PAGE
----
Tuesday, November 3, 2015

Who should we listen to?

Scott Sumner asks the question, regarding macroeconomics: who should we listen to? He tries to suggest that we should assign a higher Bayesian prior probability to someone who has made several qualitative and ill-defined conditional predictions with a model only that person can use that are declared correct by the person who made them.

This is exactly who you shouldn't listen to.

You should assign a higher Bayesian prior to someone who makes quantitative predictions with well-defined conditions with a publicly available model that are declared correct by someone else.

What is particularly important is that other people can use the model. For example, the ITM equations and parameters are publicly available here:

http://econpapers.repec.org/RePEc:arx:papers:1510.02435

Anyone can use them to make predictions or even build their own models.

No one can use Scott Sumner's model except Sumner himself. Here's his paper on monetary offset [pdf]. The model appears to be an AD-AS model, however the specifics depend on whether expansionary monetary policy is "effective", and there is no model of monetary policy effectiveness other than the ability to move exchange rates (#3, below), stock markets (#7, below) or successfully implement contractionary monetary policy (#8, below). So there is no evidence of effectiveness in terms of nominal (or real) output, the default metric of macroeconomics. These market moves also have not been large enough to be distinguished from noise (see e.g. here).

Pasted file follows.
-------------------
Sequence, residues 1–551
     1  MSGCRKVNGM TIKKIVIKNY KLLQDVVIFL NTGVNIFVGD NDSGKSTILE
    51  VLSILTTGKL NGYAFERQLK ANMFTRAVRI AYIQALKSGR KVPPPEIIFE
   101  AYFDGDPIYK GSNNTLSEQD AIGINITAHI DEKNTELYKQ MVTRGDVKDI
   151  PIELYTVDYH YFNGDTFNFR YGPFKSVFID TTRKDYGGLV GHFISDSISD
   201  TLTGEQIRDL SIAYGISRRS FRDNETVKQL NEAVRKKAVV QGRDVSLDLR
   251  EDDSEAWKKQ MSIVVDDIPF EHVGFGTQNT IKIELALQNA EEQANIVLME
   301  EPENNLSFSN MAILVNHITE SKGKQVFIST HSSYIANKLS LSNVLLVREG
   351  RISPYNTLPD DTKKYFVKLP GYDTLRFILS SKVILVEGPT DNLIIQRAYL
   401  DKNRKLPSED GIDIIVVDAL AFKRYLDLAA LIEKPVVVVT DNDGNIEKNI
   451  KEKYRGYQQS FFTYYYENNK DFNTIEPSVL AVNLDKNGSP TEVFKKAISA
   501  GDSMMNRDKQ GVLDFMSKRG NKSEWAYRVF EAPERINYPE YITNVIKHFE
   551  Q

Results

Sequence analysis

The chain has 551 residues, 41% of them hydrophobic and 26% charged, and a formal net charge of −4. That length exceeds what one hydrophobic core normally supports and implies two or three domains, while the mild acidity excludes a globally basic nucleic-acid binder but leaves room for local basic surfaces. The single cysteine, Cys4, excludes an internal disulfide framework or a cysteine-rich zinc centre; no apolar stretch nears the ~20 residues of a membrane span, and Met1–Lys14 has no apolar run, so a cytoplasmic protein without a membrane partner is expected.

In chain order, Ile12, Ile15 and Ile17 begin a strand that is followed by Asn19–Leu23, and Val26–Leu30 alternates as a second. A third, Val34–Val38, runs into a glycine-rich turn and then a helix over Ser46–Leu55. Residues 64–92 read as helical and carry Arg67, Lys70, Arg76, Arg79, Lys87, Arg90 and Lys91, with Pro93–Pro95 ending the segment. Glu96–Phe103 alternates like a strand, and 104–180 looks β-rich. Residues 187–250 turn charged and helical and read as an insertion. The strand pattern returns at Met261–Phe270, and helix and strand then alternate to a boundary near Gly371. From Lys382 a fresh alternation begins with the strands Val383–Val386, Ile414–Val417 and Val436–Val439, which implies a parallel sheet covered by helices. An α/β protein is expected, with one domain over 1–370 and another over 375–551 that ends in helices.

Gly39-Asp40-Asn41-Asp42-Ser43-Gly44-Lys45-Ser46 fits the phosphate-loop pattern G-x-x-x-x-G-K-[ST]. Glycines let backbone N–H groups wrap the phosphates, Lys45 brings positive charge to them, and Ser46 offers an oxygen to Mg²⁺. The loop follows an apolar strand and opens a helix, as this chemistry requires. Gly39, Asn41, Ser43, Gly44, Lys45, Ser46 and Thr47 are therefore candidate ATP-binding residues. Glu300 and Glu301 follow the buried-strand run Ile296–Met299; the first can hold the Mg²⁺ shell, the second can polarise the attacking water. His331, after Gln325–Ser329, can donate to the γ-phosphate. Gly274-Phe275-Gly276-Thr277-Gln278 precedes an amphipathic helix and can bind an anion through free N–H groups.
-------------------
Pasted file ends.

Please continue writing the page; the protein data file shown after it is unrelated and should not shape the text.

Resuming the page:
An additional issue is that Sumner does not describe how to produce counterfactuals with regards to monetary policy. We have no idea what would have happened in Sweden, the EU (#8, below), the US (#1, #2, and #4 below), Japan (#3, below) if monetary policy had been different. We must basically ask Scott if things would have been different, and if so, how different?

Sumner does not specify what the counterfactuals are with regards to fiscal policy (#2, below) and does not exactly specify exactly what constitutes fiscal policy. In fact, because it wasn't exactly specified there was a question as to whether dividends from GSEs constituted contractionary fiscal policy. Whether or not it does, this could not have been answered without hearing from Sumner -- again, we have to rely on Sumner himself to understand his model.

Sumner describes his model in terms of the "hot potato effect" and the "musical chairs model", neither of which contain any reference to productivity. Yet the Sumner's model has something to say about productivity (#9, below). How do we mere mortals extract this effect?

But Scott Sumner thinks we should listen to him. Well, we have to in order to know what his model says! Here's his list of predictions: